# Easy C++ solution using stack with explaination[AC]

• ## Solution

The problem is tricky as we have to traverse the directory tree with the help of '\t' and '\n' only. We will get different levels of string by dividing it by '\n'. Once, we do this, we can see that the last position of '\t' will give us the level of the tree. We will then proceed to find the length of the current string(which is the length minus the position of last '\t'). The tricky part is to get the length of the complete directory. We will maintain a stack which will store the length of the parent of a sub-directory. We will push the length of the parent into the stack. Interesting part to note is that for level 'l' the stack size will be smaller or equal to 'l'. If it is greater that means we have pushed some same level directories or sub-directories to it.
For example, for level 1, the stack size should be equal to 1(only root should be present in the stack). If the stack size is 2 or more that means we have pushed some subdirectories or same level directories.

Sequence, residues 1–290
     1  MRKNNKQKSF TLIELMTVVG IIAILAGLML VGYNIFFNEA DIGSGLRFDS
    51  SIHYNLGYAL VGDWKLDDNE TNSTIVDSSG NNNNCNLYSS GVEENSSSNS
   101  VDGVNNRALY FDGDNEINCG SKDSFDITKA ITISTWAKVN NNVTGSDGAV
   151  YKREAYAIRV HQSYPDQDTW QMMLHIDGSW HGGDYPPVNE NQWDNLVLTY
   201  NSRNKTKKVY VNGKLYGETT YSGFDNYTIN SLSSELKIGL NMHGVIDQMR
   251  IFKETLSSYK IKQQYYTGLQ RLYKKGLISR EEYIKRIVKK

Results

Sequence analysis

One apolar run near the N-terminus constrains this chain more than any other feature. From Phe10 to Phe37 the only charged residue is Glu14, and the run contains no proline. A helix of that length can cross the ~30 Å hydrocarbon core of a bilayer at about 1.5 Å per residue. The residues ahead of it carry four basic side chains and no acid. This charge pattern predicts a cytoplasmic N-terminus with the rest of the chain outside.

To get the result we will check whether we reached the end of directory or not. If yes, we calculate the length

## Code

``````class Solution {
public:
int lengthLongestPath(string input) {
stringstream ss(input);
stack<int> parentLen;
string s;
int res = 0;
while(getline(ss,s , '\n'))
{
int level = s.rfind('\t')+1;
int currentLength = s.length()-level;
while(parentLen.size() > level)
parentLen.pop();
int lengthTillLvl = currentLength;
if(!parentLen.empty())
lengthTillLvl+= parentLen.top();

if(s.find('.')!=-1)
res = max(res, lengthTillLvl);
else
parentLen.push(lengthTillLvl+1);
}
return res;
}
};
``````

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